Story by: Sheba Turk
Shametria Gonzales spent her childhood moving from one foster home to another. She said in most of those households she saw domestic violence, and it started to become a way of life.
When she started to date, Gonzales ended up with an abusive boyfriend. She said she became desensitized to the violence. If the relationship was not chaotic, she considered it boring. In one instance she said her boyfriend physically dragged her from a car and started punching her over a text message.
One night, things got really bad. And her 7-year-old daughter saw everything.
“He picks the gun back up, cocks it, puts it in my face,” Gonzales said. “I had my baby in my hand and this dude is like, ‘I’m about to kill you. What you mace me for? I’m about to kill you.'”
Gonzales said her daughter balled up crying on the bed. Her two-month-old baby was also in the room. But she admits that she was not thinking about her children and how domestic violence was impacting them.
“It was like she was invisible. I never thought her mind would comprehend what was going on,” Gonzales said.
A vicious cycle
Mary Claire Landry is the director of the New Orleans Family Justice Center, which works to help victims of violence heal from trauma.
“What we hear from survivors all time is, ‘She was in a different room. She didn’t hear,” Landry said.
According to the Department of Health and Human Services, more than 15 million children in the United States live in homes in which domestic violence has happened at least once.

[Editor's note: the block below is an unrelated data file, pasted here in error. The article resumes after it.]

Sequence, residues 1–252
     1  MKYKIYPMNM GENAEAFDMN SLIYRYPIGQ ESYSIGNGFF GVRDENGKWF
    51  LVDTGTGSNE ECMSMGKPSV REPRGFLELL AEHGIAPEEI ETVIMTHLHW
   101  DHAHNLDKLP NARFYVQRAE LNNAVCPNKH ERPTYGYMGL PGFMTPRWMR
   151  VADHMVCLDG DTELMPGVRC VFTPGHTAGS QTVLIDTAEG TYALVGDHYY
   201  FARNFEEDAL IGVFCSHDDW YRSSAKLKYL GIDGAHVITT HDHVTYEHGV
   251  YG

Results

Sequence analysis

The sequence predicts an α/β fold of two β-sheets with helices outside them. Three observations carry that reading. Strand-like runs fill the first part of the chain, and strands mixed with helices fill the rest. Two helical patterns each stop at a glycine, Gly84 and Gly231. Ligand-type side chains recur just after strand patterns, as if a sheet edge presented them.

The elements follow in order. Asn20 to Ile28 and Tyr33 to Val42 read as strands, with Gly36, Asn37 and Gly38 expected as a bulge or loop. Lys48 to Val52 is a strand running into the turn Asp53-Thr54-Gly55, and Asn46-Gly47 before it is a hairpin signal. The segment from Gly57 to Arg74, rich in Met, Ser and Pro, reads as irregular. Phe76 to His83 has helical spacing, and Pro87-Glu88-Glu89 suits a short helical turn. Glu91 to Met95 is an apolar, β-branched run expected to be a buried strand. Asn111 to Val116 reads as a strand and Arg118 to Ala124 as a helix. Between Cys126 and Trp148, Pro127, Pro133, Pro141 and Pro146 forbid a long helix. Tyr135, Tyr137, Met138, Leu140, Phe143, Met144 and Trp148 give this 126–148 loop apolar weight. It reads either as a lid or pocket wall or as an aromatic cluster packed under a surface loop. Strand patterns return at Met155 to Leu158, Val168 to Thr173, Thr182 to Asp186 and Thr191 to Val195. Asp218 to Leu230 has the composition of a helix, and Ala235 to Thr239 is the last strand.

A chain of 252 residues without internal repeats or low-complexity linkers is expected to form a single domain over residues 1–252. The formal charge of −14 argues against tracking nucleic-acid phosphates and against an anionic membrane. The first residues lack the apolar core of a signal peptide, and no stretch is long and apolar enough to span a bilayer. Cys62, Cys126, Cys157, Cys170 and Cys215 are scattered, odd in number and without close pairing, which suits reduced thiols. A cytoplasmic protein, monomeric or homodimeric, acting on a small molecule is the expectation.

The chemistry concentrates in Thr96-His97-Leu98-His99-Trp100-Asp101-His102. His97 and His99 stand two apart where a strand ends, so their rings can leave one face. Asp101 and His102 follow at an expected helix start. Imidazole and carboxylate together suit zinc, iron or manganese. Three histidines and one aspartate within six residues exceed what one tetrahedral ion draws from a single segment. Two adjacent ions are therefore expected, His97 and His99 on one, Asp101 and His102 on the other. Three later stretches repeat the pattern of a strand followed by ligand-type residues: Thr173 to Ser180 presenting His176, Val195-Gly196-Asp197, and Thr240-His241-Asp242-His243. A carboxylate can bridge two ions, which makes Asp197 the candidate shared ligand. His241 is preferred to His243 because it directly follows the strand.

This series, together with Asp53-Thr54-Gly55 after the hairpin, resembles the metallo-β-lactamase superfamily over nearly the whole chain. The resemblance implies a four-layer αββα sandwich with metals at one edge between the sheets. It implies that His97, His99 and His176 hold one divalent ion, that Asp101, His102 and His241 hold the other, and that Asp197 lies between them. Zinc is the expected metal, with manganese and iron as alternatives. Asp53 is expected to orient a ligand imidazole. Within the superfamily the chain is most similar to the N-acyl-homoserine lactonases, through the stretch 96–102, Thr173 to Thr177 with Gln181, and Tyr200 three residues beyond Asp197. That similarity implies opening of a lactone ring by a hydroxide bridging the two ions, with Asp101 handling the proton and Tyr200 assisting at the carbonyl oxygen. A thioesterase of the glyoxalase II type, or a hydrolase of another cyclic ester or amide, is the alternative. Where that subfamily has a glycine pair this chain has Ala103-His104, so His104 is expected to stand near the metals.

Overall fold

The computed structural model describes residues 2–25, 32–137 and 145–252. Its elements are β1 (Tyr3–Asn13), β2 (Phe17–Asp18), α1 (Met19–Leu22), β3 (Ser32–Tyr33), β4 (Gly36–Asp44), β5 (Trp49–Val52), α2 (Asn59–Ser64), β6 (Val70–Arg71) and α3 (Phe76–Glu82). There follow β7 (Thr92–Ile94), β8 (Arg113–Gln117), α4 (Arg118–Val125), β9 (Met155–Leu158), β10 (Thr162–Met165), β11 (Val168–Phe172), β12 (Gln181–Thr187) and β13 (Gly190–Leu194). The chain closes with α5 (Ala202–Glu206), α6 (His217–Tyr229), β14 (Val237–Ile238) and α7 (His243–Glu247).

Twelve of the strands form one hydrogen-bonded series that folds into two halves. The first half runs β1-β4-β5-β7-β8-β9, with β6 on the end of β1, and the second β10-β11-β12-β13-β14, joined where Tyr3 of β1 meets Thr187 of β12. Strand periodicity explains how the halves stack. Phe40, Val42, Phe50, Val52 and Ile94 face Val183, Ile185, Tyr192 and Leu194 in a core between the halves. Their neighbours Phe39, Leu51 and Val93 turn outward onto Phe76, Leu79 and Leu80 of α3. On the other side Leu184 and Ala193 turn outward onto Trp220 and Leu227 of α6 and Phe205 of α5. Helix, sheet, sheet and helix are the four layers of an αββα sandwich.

Landry says that children who are exposed to domestic violence can find it hard to focus in school, blame themselves for what is happening, and they are more likely than other children to be involved with domestic violence later in life.
“We know the numbers. You are three times more likely to be a perpetrator or a victim,” Landry said.
Two years ago, Shametria was ready to make a change for herself and her children. She called the Family Justice Center looking for help to change the narrative for children who have been in homes with domestic violence.
“When you can change the scenario, you give him/ her confidence show them there’s a different way and what a healthy relationship looks like,” Landry said.
Gonzales’ call to the Family Justice Center to escape an abusive relationship opened new doors for her and her daughter. She ended up landing a job at the center and now speaks to young people to teach them about healthy relationships. The family is moving in a better direction and she gives all the credit to her daughter.
“I became a better woman because I saw something beautiful in her,” Gonzales said. “It started to remind me of who I was.”